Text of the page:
Helmet Falls is an impressive falls, and the eating area for the campground conveniently has a great view of the falls proper. Though it rained through our meal, we were still treated to a great view, and the kids used the space under the bear bins as a rain shelter for eating their dinner. Of course they were singing loudly during dinner.

We are always a little apprehensive, when we need to cross a pass, sometimes what they really mean is, “climb a cliff.”, but our first day of pass crossing was strenuous but reasonable with mind-blowing views at the top.

“I am sick of marching sooong! It’s gone on for far to looong!” In my efforts to tame the “marching song monster”, I introduced the Arrogant Worms’ “Last Saskatchewan Pirate” to the mix.  It was a move I would later question as I sang the song 6-12 times per day for the remainder of our hike. There is no question that the kids were happy to be shouting at the top of their lungs for the chorus and I’m certain the bears were well alerted to our presence.

Tumbling Creek was another large campground with the eating area conveniently in the open so we could look at the Rockwall and Tumbling Glacier while we ate.

As happens so frequently, we ran into a guy from the neighbourhood. We had a nice chance to eat and converse with Michael and his daughters who were on a 3 day hike through Floe Lake and Tumbling Creek. The teenage girls would be the only young people we saw on the hike and they were both good company without any of the disagreeable nature that people associate with teens.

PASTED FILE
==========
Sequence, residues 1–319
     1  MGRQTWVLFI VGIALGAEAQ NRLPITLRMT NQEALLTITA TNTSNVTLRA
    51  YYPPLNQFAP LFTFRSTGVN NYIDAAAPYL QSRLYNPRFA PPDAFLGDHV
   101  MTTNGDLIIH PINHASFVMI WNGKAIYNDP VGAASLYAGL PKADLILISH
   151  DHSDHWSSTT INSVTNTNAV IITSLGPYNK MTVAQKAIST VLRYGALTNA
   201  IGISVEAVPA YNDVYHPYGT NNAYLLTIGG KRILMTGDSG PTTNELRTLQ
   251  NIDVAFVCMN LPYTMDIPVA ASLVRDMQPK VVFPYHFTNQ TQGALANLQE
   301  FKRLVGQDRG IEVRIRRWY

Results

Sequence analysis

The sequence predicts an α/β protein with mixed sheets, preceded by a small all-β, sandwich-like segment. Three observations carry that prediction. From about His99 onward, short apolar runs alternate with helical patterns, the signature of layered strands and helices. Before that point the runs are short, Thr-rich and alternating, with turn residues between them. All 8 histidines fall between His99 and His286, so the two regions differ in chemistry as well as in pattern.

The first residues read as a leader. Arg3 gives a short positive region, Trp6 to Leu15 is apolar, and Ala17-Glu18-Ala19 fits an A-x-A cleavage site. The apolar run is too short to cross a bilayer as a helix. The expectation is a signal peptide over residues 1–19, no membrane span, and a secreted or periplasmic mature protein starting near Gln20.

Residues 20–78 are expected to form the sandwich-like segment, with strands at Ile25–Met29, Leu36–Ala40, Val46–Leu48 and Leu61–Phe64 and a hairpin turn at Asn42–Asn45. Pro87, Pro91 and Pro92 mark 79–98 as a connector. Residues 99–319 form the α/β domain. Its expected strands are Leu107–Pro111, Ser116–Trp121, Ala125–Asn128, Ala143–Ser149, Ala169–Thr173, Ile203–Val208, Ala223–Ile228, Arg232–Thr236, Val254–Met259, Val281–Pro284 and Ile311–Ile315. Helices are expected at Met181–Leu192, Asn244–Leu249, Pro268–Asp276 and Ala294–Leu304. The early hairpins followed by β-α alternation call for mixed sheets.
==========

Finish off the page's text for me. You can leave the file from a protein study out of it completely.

The following day was another pass, this time Tumbling Pass to Numa Creek. The views were once again phenomenal. The descent to Numa Creek was a little overgrown, but easy enough to find. We made good time to the nearly deserted campground. In spite of the 18 bear bins, there were only ourselves and one other couple in the campground. Our six days on the trail was the exception more than the rule, and most people tried to do it as a 3 or 4 day hike. This meant that the Helmet-Ochre junction and the Numa Creek campgrounds were skipped by many people (though we heard later that there were a few people who stayed an extra night and hiked out from Tumbling Creek when they didn’t think they could manage a 2 pass day).

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Numa pass was the most climbing of the 3 passes along the Rockwall, but it felt no worse than the others except that it had the most downed trees across the trail of any section we had done. We counted 50 tree trunks across the trail which made for substantial obstacles for Fiona.